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The demand letter is almost always the first step you take after determining your legal claim. In order to write an effective demand letter, there are some specific strategies and requirements it must contain. 

What Is a Demand Letter?

A demand letter is a document that contains the legal complaint. It includes statements of what the defendant legally did wrong, and the amount of money the plaintiff is asking for. You can ask for money or personal property from the other party. A demand letter is essentially a letter that demands personal property or money from the other party and states that the plaintiff intends to sue if defendant does not give them what they are asking for. If defendant responds and returns the money or property, then the parties will not need to go to small claims court.

A demand letter is most common in small claims cases. A small claims case is one where the plaintiff is not seeking a substantially high amount from the other party. For example, in California, a small claims case is for complaints that deal with $10,000 or less in damages.

Many states, including California and Nevada, require that a demand letter be sent to the other party (defendant) before bringing a small claims lawsuit to court. The court will ask for confirmation receipts before starting the lawsuit. Remember to bring a copy of your demand letter to court. Hiring an experienced attorney can help you organize & build your case.

Reasons for sending a demand letter:

  • Small claims court
  • If plaintiff decides to proceed with any lawsuit without an attorney

How to Send a Demand Letter

Your demand letter should be legible, and so our attorneys advise that you type out your demand letter rather than hand write. Hand writing a demand letter gives the defendant an excuse to say that they do not understand the demand letter, therefore they did not respond to it.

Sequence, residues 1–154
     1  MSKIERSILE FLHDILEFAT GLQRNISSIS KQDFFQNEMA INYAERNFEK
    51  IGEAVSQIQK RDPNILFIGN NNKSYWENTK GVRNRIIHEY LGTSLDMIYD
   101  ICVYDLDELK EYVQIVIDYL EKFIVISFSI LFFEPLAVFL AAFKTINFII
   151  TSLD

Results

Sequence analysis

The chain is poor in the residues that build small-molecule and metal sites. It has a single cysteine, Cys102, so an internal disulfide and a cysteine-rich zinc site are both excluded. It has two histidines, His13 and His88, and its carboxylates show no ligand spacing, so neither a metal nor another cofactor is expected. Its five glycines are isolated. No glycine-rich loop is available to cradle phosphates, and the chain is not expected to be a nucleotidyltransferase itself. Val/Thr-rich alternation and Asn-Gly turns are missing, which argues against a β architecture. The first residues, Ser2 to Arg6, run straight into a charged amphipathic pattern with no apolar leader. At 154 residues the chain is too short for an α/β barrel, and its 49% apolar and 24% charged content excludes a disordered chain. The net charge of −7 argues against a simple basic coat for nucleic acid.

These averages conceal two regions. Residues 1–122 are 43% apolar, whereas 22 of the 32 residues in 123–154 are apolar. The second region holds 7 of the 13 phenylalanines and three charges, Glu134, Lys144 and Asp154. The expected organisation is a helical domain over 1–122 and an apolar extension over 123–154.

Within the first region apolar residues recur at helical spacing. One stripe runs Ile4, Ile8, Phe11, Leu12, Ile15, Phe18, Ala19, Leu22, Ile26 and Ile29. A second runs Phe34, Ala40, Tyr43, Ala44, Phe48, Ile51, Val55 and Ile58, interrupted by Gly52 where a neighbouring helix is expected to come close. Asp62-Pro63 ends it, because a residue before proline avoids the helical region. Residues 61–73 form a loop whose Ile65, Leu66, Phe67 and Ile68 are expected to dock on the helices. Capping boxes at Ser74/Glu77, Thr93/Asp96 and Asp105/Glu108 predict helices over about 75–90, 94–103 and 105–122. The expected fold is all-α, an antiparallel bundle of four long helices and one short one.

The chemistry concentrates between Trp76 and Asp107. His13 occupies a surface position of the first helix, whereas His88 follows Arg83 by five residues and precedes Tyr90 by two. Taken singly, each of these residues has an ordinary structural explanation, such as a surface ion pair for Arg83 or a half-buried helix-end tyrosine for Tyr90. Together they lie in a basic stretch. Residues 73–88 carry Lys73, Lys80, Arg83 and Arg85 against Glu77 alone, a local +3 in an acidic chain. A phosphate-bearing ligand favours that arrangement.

There is no specific requirement as to how the demand letter should be sent. However, many states such as California and Nevada suggest with registered mail or via email.

  • Mail: If sent by mail, it should be registered and have a tracking number to prevent any future problems of defendants claiming they did not receive it. Signature delivery is also recommended.
  •  An undelivered message (whether via mail or email) should make the plaintiff look for other alternatives to send the demand letter.

A demand letter should be sent to a home address rather than a place of business, to prevent any third parties from getting hold of it and the demand letter getting lost.

What to Include in a Demand Letter

  • Your name, address, and contact information (email and phone number)
  • The most important step is the summary that details exactly what happened and what legal claims plaintiff has. This paragraph should be stated right away. This should be summarized in a couple sentences. It should state the damage and what plaintiff has suffered as a result of defendant’s actions. Failure to mention any brief history regarding the claim could result in your entire demand letter getting ignored, and the court clerk who may ignore your claim. It is important to be as chronological as possible.
    • Refrain from making any physical threats, speaking unprofessionally, or using any inappropriate language.